In South Carolina, GPS tracking laws are covered under SECTION 1, Article 7, Chapter 17, Title 16 of the 1976 Code, as amended by adding Section 16-17-485. Key points from this statute are as follows:

  • A ‘tracking device’ includes electronic devices, such as GPS trackers, designed to track a motor vehicle’s location, regardless of whether the information is recorded.
  • It’s illegal to install or place a tracking device on a motor vehicle without the owner’s or lessee’s knowledge and consent. Also, tracking a vehicle without the knowledge and consent of the owner or authorized operator is unlawful.

Keep in mind that South Carolina’s GPS tracking law has provisions that do not apply to specific uses of tracking devices. For instance, if a car GPS tracker offers motor vehicle tracking to provide mechanical, operational, directional, navigational, weather, or traffic information to the vehicle operator, the law’s provisions don’t apply.

For the complete 2011-2012 Bill 3384 on GPS tracking laws in South Carolina, please CLICK HERE

Secretly Track Car

Can I Go To Jail For Using A GPS Tracker In South Carolina – What You Should Know About GPS Laws

According to Section 16-17-485 if a person illegally puts a tracker on someone’s vehicle they will be guilty of a misdemeanor and, upon conviction, must be fined not more than five hundred dollars or imprisoned for not more than one year.

Frequently Asked Questions 

Can a private investigator in South Carolina legally use a GPS tracker on a specific person’s vehicle without consent?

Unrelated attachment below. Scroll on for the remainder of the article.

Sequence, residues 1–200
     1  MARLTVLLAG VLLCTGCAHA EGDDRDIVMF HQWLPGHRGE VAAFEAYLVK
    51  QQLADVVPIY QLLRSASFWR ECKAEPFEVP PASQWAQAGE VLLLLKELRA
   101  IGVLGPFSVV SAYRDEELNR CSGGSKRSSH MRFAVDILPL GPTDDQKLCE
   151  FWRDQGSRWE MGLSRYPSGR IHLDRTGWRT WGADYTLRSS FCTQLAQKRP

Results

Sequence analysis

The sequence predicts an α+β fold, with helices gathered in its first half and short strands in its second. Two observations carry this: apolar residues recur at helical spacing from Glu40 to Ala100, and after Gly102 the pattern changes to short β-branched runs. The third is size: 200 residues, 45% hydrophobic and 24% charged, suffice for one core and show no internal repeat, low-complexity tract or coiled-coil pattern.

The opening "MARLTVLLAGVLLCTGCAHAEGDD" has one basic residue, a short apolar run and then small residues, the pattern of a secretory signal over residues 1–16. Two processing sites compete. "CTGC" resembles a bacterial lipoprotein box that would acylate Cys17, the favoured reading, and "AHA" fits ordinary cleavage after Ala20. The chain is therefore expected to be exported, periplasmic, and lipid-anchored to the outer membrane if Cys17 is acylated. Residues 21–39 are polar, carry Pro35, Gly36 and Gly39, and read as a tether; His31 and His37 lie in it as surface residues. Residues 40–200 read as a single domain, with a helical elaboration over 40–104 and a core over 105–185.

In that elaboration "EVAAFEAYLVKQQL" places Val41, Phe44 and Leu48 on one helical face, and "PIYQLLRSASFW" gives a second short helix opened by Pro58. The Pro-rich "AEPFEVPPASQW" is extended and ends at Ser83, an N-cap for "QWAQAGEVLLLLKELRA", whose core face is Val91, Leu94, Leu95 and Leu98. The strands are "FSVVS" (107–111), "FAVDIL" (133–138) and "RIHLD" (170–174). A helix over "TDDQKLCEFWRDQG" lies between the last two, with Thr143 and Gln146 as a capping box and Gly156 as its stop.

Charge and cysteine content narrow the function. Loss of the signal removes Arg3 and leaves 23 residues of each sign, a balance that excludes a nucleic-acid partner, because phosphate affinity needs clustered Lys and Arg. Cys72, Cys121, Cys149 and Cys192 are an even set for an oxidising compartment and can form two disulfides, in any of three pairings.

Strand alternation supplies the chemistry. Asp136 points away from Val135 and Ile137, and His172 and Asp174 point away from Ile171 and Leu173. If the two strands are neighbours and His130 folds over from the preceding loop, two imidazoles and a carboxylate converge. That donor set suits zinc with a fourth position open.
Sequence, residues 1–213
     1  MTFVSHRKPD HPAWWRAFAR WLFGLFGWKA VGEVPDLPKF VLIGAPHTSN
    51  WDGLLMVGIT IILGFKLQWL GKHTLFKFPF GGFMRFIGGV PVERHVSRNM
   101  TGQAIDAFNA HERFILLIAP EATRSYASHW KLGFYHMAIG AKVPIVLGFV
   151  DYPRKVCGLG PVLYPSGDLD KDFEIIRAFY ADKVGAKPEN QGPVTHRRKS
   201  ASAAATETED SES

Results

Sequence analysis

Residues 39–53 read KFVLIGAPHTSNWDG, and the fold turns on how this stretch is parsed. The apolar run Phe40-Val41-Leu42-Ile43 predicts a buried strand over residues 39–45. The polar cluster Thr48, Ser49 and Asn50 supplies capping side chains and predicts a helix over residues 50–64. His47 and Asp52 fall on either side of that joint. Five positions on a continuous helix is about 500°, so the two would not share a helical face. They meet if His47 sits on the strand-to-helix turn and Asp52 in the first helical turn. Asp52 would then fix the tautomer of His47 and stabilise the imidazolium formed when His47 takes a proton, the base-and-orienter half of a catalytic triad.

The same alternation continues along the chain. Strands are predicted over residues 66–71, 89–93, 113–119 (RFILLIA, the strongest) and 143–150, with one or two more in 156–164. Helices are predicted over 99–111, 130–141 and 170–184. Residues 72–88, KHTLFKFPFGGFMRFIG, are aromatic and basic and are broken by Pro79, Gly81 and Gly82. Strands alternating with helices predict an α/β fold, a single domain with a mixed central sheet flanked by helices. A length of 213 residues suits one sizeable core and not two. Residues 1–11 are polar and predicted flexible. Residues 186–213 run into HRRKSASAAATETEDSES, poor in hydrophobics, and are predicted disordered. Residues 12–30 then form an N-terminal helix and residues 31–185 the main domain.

No, private investigators in South Carolina cannot legally use GPS trackers on a specific person’s vehicle without consent. Unauthorized tracking violates South Carolina’s laws related to GPS tracking and electronic communication (S.C. Code Ann. § 17-30-20). Consent from the owner, lessor, or lessee of the vehicle is required to avoid legal complications.

Are there any notable court cases in South Carolina involving the use of GPS tracking devices?

Yes, a notable case in South Carolina involving GPS tracking devices is the 2012 Coca-Cola Bottling Co. case. In this case, Coca-Cola used GPS data to track and monitor a delivery truck, ultimately leading to the termination of an employee. The court upheld Coca-Cola’s use of GPS tracking, emphasizing the importance of disclosing GPS tracking policies to employees and using the data for legitimate business purposes.

Is it legal for a parent in South Carolina to use a GPS tracker for their child’s safety?

Yes, it is legal for parents in South Carolina to use GPS trackers to ensure their child’s safety. Parents may track their minor children without consent, as long as the primary purpose is to safeguard their well-being. However, it is essential to respect the child’s privacy and use the technology responsibly.

What are the penalties for unauthorized use of real time GPS trackers in South Carolina?

Violating South Carolina’s laws related to GPS tracking and electronic communication (S.C. Code Ann. § 17-30-20) can result in severe penalties. Offenders may face criminal charges, including fines and imprisonment, depending on the severity of the violation. Additionally, the aggrieved party may pursue a civil lawsuit for damages.


Please note that the information provided in this article is for educational purposes only and should not be considered legal advice. We encourage you to consult with a legal professional for guidance on your specific situation. While we strive to ensure the accuracy of the content, laws related to GPS devices and tracking can vary and may change over time. Remember, tracking someone’s vehicle without their consent or using electronic tracking devices for illegal purposes can lead to severe consequences. Always stay informed and respect the privacy of others when using GPS technology to track locations and movements.

Matthew Henson